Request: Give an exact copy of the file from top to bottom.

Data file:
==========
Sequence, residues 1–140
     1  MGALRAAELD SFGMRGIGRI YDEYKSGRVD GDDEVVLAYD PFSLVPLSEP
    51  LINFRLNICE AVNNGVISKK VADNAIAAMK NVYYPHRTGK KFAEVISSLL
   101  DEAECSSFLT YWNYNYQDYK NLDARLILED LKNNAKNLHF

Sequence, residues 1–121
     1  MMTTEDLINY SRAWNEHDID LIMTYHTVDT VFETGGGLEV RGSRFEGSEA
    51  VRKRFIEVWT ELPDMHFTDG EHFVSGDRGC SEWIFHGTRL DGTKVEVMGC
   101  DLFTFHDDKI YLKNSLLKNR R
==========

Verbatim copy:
Sequence, residues 1–140
     1  MGALRAAELD SFGMRGIGRI YDEYKSGRVD GDDEVVLAYD PFSLVPLSEP
    51  LINFRLNICE AVNNGVISKK VADNAIAAMK NVYYPHRTGK KFAEVISSLL
   101  DEAECSSFLT YWNYNYQDYK NLDARLILED LKNNAKNLHF

Sequence, residues 1–121
     1  MMTTEDLINY SRAWNEHDID LIMTYHTVDT VFETGGGLEV RGSRFEGSEA
    51  VRKRFIEVWT ELPDMHFTDG EHFVSGDRGC SEWIFHGTRL DGTKVEVMGC
   101  DLFTFHDDKI YLKNSLLKNR R